RALEIGH, N.C. (WNCN) — Gov. Roy Cooper used part of his final State of the State address to ask lawmakers to work with him to reduce gun violence.

In making his case to find ways to protect everyone from law enforcement officers to ordinary citizens, Cooper brought up a couple of statistics related to guns and children to emphasize his point.

How accurate were they?

THE CLAIM: Cooper said children in North Carolina “were 51 percent more likely to die from gun violence than children in the U.S. as a whole,” and that “death by gunfire has surpassed car accidents as the No. 1 cause of injury deaths for children.”

THE FACTS: Both claims check out.

They comes from the North Carolina Child Fatality Task Force report released late last month that breaks down the data through 2021.

For the first claim, the report found a firearm-related death rate of 5.3 for every 100,000 people under 18 in North Carolina that year. That’s 51 percent higher than the national rate of 3.5.

It was the second straight year when that rate in North Carolina was way above what it was nationally. The state rate of 4.7 in 2020 was nearly 52 percent higher than the national rate of 3.1.

From 2012-19, those rates mostly tracked together.

The second claim relates to another chart in the report that breaks down causes of death in 2020.

It shows 120 deaths by gunfire — 73 homicides, 36 deaths by suicide and 11 accidental, or unintentional, deaths — among those under 18.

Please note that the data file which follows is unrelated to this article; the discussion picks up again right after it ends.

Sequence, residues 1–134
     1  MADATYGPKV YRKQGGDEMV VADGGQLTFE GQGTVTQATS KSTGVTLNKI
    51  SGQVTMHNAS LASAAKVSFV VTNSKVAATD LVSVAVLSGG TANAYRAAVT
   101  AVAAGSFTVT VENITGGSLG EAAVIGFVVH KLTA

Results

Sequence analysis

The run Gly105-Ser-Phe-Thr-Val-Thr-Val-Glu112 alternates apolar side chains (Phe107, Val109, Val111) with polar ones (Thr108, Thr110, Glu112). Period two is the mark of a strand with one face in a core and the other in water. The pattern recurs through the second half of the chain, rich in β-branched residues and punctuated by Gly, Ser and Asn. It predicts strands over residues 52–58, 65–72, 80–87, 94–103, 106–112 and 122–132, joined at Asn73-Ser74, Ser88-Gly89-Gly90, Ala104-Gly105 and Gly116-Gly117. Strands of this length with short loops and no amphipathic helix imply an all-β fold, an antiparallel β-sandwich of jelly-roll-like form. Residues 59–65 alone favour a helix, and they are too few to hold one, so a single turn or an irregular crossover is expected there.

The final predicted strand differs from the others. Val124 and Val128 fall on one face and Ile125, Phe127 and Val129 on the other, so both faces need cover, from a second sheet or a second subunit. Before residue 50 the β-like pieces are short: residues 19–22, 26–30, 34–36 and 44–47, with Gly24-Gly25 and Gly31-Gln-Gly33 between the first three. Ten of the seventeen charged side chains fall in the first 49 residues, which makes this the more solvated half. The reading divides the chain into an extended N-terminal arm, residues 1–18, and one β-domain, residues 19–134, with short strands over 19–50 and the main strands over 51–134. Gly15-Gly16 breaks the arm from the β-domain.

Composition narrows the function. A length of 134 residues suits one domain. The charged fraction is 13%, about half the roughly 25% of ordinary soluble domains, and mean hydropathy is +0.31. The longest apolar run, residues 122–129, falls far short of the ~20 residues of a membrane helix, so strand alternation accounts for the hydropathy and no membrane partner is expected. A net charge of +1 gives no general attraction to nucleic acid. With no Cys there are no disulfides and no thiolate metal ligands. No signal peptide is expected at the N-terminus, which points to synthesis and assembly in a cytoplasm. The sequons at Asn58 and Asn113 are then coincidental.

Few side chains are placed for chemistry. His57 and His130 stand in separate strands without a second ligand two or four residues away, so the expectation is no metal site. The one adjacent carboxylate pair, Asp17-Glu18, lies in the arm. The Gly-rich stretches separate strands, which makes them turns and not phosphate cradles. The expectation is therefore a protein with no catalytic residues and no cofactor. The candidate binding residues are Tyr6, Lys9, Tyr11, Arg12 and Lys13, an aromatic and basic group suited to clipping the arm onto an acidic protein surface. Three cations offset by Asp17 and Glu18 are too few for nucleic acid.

There were 104 motor vehicle deaths and 103 other types of accidental injury deaths.

The governor said he supports responsible gun ownership under the Second Amendment, said he cannot accept those child deaths and urged lawmakers at the General Assembly to “move forward to fight gun violence, not backward.”

He pushed for background checks, red flag laws and responsible firearm ownership in a speech to a gun safety group last November, just weeks after the issue squarely hit home when a mass shooting took place in Raleigh.

But that raises a question: Realistically, what can he do?

Term limits have rendered him a lame duck, and this was his last State of the State address. Republicans have a veto-proof supermajority in the Senate and need only one Democrat to cross the aisle for one in the House.

Just last month, the House passed the Firearms Liberty Act, which would allow people to carry concealed weapons to church services held on school grounds. Two years ago, Cooper vetoed a similar bill.

Mac McCorkle, a former Democratic strategist and professor of the practice at Duke University’s Sanford School of Public Policy, said the idea of Cooper getting the General Assembly to pass his own gun legislation was “very dubious.”

“There might be certain executive actions he can take, but it was really about the bully pulpit and maybe setting things up” if a Democrat is elected next year to succeed him, McCorkle said.

McCorkle says it was not an accident that the gun-related numbers Cooper brought up had to do with children.

“Cooper was trying to bend over backwards, saying, ‘Let’s focus on children and gun problems. Let’s focus on that,’” McCorkle said. “And (Cooper is) a believer in the Second Amendment. This is not a woke, liberal viewpoint. I don’t know that that’ll get him anywhere, but I think he was at least trying to position that issue for the future for Democrats, which is a hard sell in North Carolina.”